There are quite a few story lines going on throughout this novel. You are first introduced to Ricardo Ramirez and his investigation of a murdered man on a beach that was found by two children in Havana, Cuba. Initial observations suggest being washed ashore due to an accidental drowning after no signs of foul play are found. Secondarily we are introduced to Ottawa, Ontario native and lawyer for the Rideau Regional Police Department Celia Jones as she is working hard to expedite the adoption process of a three-year-old little girl named Beatriz. The fact that Beatriz is an orphaned Cuban resident is in itself putting up quite a few barriers beyond the typical adoption process. Lastly, we slowly learn about the conflicts surrounding the Aboriginal people in Ottawa and the Provincial and Federal government. Local Ojibway, former prisoner and current police officer and Detective Charlie Pike has volunteered his time during a time where there are no willing participants to cross enemy lines, and travel to a reserve to investigate the recent deaths of local prostitutes. Although there may be obvious differences, across hemispheres there are circumstances that bind us all whether we like it or not; and politics and murder is just the tip of the iceberg.

Adoption: Jumping Through Hoops

“During the Special Period, the government had imposed strict rationing. Castro called it the ‘opcíon zero,’ or zero option. Cubans called it ‘nada de nada, nananina,’ meaning ‘zero everything.’ Hot dogs became ‘chicken dogs’ then ‘chicken-less dogs’. Mangoes and pineapples disappeared altogether. Guava bars were made from oranges. Things had got better in the past several years. But even the black market rarely carried apples.            

Nylons, apples, spray paint. Ramirez was starting to wonder if there was another black market he didn’t know about. The dead woman caught Ramirez’s eye and shook her head.”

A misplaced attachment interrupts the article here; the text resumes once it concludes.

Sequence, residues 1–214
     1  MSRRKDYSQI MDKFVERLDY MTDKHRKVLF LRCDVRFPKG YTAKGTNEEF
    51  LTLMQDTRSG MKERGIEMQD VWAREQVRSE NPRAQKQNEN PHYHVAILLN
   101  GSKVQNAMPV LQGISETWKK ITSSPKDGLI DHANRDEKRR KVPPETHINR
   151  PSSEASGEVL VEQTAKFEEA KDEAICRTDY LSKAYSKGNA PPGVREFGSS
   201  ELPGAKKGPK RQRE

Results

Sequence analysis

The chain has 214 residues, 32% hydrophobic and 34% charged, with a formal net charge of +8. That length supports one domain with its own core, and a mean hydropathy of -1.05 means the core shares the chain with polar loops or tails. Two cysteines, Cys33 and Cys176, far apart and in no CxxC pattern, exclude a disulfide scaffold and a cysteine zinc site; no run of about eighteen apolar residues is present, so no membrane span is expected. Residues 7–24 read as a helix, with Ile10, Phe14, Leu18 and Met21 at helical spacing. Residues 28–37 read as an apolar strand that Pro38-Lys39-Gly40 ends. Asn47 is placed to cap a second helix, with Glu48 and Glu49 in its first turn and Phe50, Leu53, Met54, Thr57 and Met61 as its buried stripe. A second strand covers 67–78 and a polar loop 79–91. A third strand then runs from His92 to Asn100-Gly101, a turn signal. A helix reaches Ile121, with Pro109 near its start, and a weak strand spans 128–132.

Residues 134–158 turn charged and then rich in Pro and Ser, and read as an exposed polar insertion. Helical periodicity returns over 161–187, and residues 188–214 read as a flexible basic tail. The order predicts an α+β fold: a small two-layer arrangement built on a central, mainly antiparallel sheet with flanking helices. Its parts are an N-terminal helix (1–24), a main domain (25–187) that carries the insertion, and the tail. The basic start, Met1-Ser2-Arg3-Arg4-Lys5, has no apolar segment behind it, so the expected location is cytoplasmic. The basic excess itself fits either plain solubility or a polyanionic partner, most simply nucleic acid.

This is the type of mystery novel that I like to read. There are many storylines that relate to each other in one way or another and very challenging for the reader. This is not a streamlined suspense that you can cozy up on the couch, this is one that demands concentration. With all of the different measures that the author took in writing a novel like this, she opens herself up to certain flaws being shown, because writing a story like this, it is hard to be perfect. With all of the characters and varying plot points, I believe it would have been more effective to stay with a certain narrative longer than it did. Jumping from one story to another after devoting a few short chapters wasn’t enough for me. The story also starts with a complicated adoption process between a woman and a nation. It is made to believe that this is important story in the book, but in retrospect it is merely a machination used to showcase the political intrigue to follow. Overall, this is a very solid mystery novel, I liked the list of ingredients and the recipe that the author had, I believe that execution needed to be a bit tighter. All in all it was a very good read.

” ‘ Don’t be too anxious Fernando. You have to make sure you find the right person. You don’t want to take chances, believe me. Otherwise, you could end up living with someone you don’t like. At least you get along with your parents.’                                                                                          

Seventy percent of Cuban marriages ended in divorce, but half of all divorced couples were forced to live together anyway because of the housing shortages.”